REPORT FROM A PARISIAN PARADISE: Essays from France, 1925–1939

Joseph Roth, Author, Michael Hofmann, Translator, Katharina Ochse, Selected by , trans. from the German and with an intro. by Michael Hofmann. Norton $24.95 (301p) ISBN 978-0-393-05145-2

Joseph Roth was a master of the feuilleton, the genre that, always in highly individual fashion, comprises some mix of travelogue, reportage, short story and cultural and political commentary. The genre truly flourished in the 1920s and, more somberly, in the exile from Nazi-dominated Germany of the 1930s. Roth left Germany in 1925 for France, where he seems to have felt more at home. Paris dazzled him, and it shows in his writing, but the reports from the provinces are even more spectacular. Roth is captivated by the light of the south and its heady ethnic mix, by the traces of history he finds in the cathedral of Avignon and the pulsing activity on the Marseilles docks. In Lyons he finds silk workers whose very souls reflect the "shiny, luminous, glowing threads" with which they work every day. Lively, happy France is Roth's foil for a Germany where there is no fun to be had and everyone thinks in categories. In Paris, eastern European Jews can live as they please, and no one pays much attention to French anti-Semites. Roth's observations were not always accurate, but no matter. It is his acute sense for sights, sounds and smells, his insightful intelligence and, most of all, his sparkling prose, captured so well by Michael Hofmann's English, that are important. This volume is an excellent companion to the compilation of Roth's Berlin dispatches, What I Saw, published by Norton last year. It is a joy to read, even when the events turn grim. 40 illus. not seen by PW. (Dec.)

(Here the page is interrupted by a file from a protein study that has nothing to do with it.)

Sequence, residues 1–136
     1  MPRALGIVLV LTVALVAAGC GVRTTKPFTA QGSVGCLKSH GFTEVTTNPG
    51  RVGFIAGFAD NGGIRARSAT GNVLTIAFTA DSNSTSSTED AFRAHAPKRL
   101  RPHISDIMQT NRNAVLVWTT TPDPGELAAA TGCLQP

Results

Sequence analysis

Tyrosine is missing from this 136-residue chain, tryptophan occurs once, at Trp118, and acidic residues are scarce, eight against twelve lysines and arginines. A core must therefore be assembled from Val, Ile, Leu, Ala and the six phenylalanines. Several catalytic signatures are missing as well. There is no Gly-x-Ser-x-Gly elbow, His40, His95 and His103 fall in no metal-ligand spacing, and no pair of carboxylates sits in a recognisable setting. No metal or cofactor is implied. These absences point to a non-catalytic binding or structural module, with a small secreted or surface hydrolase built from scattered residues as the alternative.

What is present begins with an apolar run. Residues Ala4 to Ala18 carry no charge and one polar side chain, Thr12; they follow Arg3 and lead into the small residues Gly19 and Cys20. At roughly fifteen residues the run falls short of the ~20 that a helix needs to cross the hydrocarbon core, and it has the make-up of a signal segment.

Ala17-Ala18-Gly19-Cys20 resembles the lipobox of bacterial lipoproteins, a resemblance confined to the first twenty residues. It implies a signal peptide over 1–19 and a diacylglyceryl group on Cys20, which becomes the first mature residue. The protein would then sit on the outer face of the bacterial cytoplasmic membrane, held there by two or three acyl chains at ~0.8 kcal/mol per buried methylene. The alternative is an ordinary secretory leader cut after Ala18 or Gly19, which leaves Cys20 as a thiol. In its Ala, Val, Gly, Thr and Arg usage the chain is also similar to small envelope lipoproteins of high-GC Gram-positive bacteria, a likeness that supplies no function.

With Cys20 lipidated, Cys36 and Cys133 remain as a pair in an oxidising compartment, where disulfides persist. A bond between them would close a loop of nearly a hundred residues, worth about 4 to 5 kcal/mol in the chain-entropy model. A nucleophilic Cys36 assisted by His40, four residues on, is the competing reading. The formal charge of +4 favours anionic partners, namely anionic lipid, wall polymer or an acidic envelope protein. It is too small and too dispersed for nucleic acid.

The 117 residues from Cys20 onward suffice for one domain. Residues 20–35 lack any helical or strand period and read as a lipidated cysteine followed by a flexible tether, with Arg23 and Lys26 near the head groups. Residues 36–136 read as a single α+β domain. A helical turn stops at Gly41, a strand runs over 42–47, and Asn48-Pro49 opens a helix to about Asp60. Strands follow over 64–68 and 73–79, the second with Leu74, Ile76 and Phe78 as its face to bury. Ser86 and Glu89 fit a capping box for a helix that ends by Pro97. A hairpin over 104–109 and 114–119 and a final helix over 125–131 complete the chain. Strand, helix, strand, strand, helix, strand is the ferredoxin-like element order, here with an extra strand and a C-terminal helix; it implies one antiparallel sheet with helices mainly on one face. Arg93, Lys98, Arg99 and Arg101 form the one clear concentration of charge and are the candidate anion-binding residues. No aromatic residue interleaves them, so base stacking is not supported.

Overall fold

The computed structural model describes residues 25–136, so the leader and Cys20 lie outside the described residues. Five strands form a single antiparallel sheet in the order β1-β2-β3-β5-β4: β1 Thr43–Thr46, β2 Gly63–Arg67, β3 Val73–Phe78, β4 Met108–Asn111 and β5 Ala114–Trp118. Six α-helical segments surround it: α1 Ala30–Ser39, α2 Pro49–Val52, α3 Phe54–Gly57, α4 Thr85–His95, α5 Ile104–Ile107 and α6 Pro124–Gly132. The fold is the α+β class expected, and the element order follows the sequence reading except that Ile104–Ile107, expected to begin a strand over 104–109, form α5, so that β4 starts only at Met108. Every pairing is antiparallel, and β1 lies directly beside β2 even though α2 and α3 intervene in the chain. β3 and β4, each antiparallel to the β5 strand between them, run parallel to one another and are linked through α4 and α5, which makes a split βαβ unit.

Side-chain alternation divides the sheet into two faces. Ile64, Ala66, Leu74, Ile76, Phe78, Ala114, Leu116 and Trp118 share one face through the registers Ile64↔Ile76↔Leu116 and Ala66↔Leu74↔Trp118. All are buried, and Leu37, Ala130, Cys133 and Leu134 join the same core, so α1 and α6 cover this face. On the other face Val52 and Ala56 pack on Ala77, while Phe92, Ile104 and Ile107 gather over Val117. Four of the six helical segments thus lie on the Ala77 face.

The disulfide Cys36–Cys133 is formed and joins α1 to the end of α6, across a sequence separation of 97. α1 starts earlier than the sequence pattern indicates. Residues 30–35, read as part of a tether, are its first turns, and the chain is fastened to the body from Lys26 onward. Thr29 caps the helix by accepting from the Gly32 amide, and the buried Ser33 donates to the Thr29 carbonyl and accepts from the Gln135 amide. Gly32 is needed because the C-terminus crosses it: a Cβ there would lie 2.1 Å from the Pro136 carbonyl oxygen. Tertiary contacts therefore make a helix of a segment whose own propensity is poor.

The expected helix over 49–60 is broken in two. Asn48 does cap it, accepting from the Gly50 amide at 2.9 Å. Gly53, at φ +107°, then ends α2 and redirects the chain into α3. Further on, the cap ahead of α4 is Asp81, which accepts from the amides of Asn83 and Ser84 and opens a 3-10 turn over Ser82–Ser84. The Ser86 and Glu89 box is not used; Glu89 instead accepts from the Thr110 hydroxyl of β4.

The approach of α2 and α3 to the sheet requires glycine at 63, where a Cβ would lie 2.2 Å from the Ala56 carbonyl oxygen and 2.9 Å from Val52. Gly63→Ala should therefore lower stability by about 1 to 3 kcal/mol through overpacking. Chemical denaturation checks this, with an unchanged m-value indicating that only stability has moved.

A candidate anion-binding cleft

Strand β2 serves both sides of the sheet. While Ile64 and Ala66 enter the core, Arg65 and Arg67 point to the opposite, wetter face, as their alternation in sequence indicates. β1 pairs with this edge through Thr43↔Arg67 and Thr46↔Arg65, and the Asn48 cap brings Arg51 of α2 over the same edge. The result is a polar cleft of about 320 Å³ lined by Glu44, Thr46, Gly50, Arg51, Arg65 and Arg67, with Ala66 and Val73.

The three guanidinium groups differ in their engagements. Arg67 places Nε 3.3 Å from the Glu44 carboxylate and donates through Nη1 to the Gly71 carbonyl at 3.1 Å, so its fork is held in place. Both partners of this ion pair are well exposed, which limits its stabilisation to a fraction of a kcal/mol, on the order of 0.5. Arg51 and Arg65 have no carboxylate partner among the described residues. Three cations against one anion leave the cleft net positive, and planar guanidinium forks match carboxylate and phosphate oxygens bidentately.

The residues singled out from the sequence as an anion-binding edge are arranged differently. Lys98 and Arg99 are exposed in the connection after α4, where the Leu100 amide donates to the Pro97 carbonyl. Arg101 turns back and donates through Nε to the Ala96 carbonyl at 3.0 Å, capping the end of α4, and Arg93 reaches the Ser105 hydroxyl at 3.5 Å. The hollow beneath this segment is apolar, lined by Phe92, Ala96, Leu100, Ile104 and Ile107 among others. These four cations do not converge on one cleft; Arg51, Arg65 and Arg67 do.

Reviewed on: 11/17/2003
Release date: 12/01/2003
Genre: Nonfiction
Paperback - 301 pages - 978-0-393-32716-8
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